Down Dog – Running and Yoga

13 Jul

Last winter several new things came into my life.  One of them was down dog.  As KFB was training to become a certified yoga teacher, I decided to start practicing yoga some myself.  As her teaching guinea pig, I found myself flowing through vinyasa sequences up to a few times a week.  I really started getting into it while the snow was falling throughout the bitter DC iceland.  It was a great way to get the body moving, the heat rising, and the mind grounded.  While it was miserable to run outside, it was incredibly appealing to practice yoga inside.

Now that the snow is long gone, the running shorts are back out of the closet, and the training has begun, yoga might not seem the obvious choice.  And of course, when I’m running 5 times a week, it is harder to find the time to step back onto the mat.  But as I’m putting in more and more miles each week, I see (and feel) more and more reason to make my way into the studio.  The benefits of yoga seem to be endless, but here are just a few ways that I see my practice on my mat affecting my practice on the pavement.

Balance – Yoga is all about balancing your body.  Everything you do on one side of your body, you mirror on the other.  You are working towards equality through each position.  Running should be the same way.  Each movement by one pace should be mimicked on the other side.  A good stride has balance.  If your hips are shifting in one direction, but your ankles another, knee problems are certain to arise.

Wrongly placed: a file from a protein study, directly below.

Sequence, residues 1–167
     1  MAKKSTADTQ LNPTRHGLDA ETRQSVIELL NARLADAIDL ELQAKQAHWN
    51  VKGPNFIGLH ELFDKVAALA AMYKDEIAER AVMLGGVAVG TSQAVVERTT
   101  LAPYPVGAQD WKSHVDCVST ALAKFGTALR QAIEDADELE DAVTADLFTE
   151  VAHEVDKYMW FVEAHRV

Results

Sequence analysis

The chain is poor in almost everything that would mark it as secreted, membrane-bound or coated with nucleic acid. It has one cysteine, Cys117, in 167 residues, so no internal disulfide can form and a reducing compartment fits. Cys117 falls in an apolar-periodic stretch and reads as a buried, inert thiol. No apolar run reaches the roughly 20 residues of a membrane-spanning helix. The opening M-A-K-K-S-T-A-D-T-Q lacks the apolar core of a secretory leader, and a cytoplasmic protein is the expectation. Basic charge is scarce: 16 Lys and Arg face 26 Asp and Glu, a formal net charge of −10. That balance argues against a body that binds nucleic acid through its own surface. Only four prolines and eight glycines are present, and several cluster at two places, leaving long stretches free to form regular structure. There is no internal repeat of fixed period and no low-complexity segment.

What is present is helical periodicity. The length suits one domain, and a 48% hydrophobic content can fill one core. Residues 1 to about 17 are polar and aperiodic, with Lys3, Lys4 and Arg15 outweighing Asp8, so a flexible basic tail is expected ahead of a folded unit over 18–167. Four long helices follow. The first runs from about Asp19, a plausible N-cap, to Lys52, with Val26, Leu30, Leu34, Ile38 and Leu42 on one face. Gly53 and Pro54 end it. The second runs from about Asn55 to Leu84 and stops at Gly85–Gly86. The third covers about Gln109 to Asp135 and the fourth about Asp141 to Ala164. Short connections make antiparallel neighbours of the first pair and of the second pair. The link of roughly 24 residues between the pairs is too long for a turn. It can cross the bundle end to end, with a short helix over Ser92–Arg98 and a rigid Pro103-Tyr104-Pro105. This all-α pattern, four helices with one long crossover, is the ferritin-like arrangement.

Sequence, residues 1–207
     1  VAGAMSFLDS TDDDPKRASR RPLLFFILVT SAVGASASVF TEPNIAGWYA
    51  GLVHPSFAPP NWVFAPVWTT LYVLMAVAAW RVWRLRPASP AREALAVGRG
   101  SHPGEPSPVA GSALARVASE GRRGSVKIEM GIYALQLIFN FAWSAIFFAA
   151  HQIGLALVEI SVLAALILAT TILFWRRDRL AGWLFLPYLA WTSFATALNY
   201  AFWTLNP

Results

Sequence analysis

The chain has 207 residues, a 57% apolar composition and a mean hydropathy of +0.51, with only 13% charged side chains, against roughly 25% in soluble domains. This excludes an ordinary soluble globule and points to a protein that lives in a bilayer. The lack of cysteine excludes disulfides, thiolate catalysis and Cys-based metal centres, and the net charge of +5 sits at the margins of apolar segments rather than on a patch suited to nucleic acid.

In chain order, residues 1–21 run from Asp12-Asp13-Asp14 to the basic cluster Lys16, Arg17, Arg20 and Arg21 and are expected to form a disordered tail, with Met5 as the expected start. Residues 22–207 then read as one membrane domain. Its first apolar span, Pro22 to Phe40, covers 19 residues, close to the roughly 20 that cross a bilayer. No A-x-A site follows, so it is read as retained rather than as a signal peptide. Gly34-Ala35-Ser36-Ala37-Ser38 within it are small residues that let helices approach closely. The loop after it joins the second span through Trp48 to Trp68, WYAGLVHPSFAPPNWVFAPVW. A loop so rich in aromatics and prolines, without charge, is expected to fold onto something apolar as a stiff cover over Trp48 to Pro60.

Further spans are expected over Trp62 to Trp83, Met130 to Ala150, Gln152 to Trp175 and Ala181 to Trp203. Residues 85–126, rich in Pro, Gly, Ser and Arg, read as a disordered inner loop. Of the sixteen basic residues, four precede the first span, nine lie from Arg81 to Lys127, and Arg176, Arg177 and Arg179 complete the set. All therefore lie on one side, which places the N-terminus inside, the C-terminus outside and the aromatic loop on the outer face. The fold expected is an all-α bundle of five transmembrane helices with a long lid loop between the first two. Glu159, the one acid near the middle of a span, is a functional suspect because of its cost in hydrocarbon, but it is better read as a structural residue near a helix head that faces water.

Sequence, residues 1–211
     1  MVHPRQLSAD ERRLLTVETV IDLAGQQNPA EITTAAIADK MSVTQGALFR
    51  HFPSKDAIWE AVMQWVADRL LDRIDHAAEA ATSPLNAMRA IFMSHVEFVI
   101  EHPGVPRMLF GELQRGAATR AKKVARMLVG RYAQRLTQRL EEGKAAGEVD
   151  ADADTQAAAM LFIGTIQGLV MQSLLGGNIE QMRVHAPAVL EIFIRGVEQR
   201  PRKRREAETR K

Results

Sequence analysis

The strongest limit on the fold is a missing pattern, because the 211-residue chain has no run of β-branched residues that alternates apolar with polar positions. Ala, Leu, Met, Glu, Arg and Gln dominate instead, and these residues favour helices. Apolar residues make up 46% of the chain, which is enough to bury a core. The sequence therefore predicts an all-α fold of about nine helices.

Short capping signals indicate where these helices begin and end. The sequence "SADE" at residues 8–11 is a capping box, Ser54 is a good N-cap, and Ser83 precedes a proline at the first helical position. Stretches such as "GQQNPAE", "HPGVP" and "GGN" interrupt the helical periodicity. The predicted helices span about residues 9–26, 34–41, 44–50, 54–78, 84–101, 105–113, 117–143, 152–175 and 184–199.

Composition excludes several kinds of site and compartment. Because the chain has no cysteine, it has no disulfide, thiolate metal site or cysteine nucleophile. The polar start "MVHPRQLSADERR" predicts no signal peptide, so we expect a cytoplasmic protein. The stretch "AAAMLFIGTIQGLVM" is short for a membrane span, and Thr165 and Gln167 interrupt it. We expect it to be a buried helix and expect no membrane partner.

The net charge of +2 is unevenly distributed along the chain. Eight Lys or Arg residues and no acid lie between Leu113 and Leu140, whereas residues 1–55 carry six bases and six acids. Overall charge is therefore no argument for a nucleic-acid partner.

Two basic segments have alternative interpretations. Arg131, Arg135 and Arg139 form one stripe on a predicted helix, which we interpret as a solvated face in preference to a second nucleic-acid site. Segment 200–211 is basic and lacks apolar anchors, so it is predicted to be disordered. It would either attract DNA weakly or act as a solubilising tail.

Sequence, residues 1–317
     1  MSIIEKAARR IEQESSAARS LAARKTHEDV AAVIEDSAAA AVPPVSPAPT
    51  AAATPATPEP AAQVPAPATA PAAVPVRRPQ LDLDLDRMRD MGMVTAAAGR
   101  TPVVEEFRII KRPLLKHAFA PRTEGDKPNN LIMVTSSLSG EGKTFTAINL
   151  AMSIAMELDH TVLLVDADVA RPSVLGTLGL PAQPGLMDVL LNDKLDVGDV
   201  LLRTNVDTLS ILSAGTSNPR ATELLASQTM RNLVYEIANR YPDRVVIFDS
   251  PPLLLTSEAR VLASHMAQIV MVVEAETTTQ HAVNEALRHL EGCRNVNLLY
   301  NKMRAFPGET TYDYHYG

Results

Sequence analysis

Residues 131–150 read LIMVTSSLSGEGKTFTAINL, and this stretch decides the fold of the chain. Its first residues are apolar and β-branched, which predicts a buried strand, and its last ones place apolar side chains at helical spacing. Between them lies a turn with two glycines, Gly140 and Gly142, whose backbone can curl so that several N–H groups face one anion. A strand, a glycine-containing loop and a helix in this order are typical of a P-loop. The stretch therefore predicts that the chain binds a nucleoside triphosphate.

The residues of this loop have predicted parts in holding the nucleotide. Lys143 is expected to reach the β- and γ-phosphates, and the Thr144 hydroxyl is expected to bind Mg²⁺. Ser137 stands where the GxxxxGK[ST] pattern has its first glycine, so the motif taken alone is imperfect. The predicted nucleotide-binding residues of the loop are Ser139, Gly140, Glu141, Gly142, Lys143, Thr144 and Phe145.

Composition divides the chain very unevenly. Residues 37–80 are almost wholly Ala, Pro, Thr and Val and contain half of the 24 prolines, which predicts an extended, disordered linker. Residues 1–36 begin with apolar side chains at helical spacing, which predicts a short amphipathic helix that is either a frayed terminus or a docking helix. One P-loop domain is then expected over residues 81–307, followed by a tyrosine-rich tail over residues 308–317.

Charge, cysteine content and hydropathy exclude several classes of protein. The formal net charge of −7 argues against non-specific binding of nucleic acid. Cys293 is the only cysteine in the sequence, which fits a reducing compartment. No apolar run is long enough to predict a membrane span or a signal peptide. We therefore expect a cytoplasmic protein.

Breath – Endurance running is all about breath.  If you are constantly trying to catch your breath, you’re miles will be limited.  Yoga makes the connection between breath and movement.  With every inhale and exhale comes a movement, a rhythm, and a flow.  Running is extremely repetitive, finding the connection between the flow of your movement and the natural flow of your breath will bring you directly to that sweet “zone” that every running is searching for.

Strength – If you’ve ever seen a yogi, then there is no doubting their strength.  While traditional yoga might not give you the same cardio workout as biking or swimming, it will certainlly work your abs, legs, arms, and everything in between.  Holding a deep lunge, down dog, or inversion long enough, and you’ll be twice as sore as you were from yesterday’s 8 miles.  Yoga works your core and your upper body, often left out of the typical running workout.

Mind – Long distance running takes a lot of focus.  With every pound of the foot, many runners get too focused on the distance left to travel or the incline of the next hill.  While that is only natural at times, I’ve learned through yoga to focus more on my breath, tune into each part of my body, and mentally dedicate that time and energy to something else.  Once you stop rocking out to yesterday’s top 40 on the ipod, and start focusing more on the movements you are making, the run can fly by leaving you with a strong body and clear mind.

While yoga might not be the first thing a male training for a marathon might think of adding to his weekly training schedule, it will undoubtedly add strength, depth and meaning to your workouts.

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5 Responses to “Down Dog – Running and Yoga”

  1. Roommate July 15, 2010 at 8:44 am #

    I find that a strict regiment of drinking and running helps with my balance, breath, strength, and mind just as well.

  2. Betsy July 15, 2010 at 9:04 pm #

    Is that KFB on the Skyline Drive?

  3. thehaysay July 16, 2010 at 8:17 am #

    Yup! That’s her on the Skyline. Good guess!

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